No. We don’t need the perennial red states to sign on, although we’ll need some purple ones. The Compact takes effect once enough states sign on to get to the magic number of 270 electoral votes. Why? Once we have a coalition of states whose electoral votes add up to 270 (or more), the national popular vote winner gets all those votes, and thereby wins the Electoral College automatically.
How many states have signed on?
As of early April 2019, the Compact has passed in 14 states plus D.C.: Hawaii, Washington, California, Colorado, Illinois, Maryland, New Jersey, New York, Vermont, Massachusetts, Connecticut, Rhode Island, Delaware and New Mexico. That represents 189 electoral votes. We need 89 more electoral votes.
Here’s a great map that shows who has signed on, and which states have taken some kind of action on the Compact:
As more states sign on, you can find the updated map at this link.
Why I like the Popular Vote Compact
Regular readers of Political⚡Charge know I write about voting rights a lot. I think the right to vote is the key to our democracy, and getting more people to vote is crucial. The popular vote makes it clear that every single vote counts in a presidential election, whereas I don’t think many people feel that is the case right now.
If you are a Democrat in West Virginia, or a Republican in California, your state has allocated its electoral votes to the same party so many times, it would be logical to feel your vote doesn’t count in a presidential election. But if your vote was needed to try and win the national popular vote, that’s a strong incentive to vote no matter what the partisan leaning of your state is.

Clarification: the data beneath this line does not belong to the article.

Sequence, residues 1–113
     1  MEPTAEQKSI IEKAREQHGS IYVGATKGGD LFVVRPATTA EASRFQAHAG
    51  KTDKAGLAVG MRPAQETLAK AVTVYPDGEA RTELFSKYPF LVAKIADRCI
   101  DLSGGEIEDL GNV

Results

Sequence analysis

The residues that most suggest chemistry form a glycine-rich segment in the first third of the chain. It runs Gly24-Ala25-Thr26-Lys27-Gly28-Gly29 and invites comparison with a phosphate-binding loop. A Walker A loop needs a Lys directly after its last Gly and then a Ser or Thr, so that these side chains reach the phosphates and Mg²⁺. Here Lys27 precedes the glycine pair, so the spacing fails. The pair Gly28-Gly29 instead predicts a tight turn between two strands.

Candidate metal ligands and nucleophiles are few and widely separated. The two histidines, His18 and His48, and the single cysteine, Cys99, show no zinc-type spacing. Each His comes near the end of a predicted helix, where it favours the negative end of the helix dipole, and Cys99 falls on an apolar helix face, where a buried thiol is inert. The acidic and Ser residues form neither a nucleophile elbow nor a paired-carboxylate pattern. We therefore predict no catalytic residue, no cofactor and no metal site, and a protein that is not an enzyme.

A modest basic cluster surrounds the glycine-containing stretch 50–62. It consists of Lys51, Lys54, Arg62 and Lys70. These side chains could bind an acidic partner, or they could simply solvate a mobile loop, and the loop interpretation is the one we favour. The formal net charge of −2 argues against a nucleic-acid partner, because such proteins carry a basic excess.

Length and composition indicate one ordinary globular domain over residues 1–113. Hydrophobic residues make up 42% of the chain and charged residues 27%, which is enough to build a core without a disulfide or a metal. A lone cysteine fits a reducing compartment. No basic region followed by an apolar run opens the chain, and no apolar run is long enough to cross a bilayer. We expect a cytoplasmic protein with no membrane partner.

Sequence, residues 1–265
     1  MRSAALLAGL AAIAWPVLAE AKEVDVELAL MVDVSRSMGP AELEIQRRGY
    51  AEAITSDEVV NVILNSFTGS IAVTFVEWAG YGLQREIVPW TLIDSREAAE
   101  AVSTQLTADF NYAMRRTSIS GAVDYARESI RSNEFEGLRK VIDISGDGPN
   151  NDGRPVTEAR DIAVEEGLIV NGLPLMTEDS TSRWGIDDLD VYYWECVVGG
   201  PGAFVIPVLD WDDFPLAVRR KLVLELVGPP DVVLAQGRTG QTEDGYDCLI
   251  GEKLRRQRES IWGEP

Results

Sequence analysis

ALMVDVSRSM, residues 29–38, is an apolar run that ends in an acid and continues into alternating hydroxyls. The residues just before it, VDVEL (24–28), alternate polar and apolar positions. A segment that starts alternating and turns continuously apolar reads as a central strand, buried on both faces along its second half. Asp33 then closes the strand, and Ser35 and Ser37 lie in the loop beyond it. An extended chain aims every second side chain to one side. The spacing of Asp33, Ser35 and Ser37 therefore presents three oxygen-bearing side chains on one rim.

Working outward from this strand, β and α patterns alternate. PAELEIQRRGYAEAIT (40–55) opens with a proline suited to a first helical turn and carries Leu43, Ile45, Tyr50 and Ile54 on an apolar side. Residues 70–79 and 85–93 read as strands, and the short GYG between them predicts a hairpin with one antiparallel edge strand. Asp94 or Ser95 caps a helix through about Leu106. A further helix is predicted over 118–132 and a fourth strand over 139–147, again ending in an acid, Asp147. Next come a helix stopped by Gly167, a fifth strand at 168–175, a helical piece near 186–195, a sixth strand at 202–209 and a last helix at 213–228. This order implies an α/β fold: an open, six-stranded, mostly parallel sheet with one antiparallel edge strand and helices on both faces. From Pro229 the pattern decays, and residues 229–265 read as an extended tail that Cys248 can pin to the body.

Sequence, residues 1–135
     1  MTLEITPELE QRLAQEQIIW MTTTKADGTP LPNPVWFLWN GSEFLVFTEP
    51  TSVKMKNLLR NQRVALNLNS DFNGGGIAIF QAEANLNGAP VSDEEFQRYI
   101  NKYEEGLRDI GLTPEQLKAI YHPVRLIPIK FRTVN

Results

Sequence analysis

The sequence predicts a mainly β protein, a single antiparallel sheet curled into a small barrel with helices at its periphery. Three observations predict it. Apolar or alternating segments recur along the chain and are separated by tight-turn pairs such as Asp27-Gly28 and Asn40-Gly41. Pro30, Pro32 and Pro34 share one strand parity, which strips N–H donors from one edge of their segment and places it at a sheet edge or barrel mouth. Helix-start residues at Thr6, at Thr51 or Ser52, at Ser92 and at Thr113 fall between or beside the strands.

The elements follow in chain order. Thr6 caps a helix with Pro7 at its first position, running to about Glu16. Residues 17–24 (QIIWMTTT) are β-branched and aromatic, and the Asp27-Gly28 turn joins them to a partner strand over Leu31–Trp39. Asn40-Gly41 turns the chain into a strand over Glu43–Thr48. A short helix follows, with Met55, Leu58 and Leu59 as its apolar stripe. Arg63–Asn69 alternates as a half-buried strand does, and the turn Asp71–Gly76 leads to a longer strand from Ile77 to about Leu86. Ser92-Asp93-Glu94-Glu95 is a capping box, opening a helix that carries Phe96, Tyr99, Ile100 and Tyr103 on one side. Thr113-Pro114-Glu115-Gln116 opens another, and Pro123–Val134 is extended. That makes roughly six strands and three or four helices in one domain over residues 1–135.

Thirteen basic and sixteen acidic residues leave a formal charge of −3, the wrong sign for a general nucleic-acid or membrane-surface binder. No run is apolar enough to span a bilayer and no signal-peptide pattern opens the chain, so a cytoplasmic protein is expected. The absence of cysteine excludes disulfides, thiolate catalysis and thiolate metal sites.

The other advantage is that presidential candidates would have to pay attention to all of the states because they want the most votes possible, not just those in the battleground states. Most states are ignored in a presidential campaign, but if you want to win the popular vote, you’re incentivized to pay attention to a lot more states.
How soon could the Compact be in effect?
Stephen Wolf at the Daily Kos has a good rundown about how the Compact could be in effect by the 2024 presidential election, which you can read HERE. Note that to get that done, it will be really important to flip several state legislative houses, so be sure to stay active in your local elections.
Legal scholars are split on the Compact, so it is likely to end up in court at some point. Politifact has a good rundown of the potential legal challenges HERE. But we’ll never know unless we get to the magic 270, so let’s do that first and worry about court challenges later.
How can people help get the Compact to 270?
If your state hasn’t passed the Compact yet, you will need to push your legislators to take action. Click on your state at the central National Popular Vote site to get the latest news about the efforts to get it passed in your state, along with a script to use when writing to your state legislators, tips on writing an op-ed in your local paper, and connecting with other like-minded citizens through coordinated social media pages.
Let me know if you have any questions about the Popular Vote Compact in the comments. I’ll do my best to answer them.
UPDATE: The original post was published on March 20. I updated it on April 4 to reflect that Delaware and New Mexico had joined the Compact.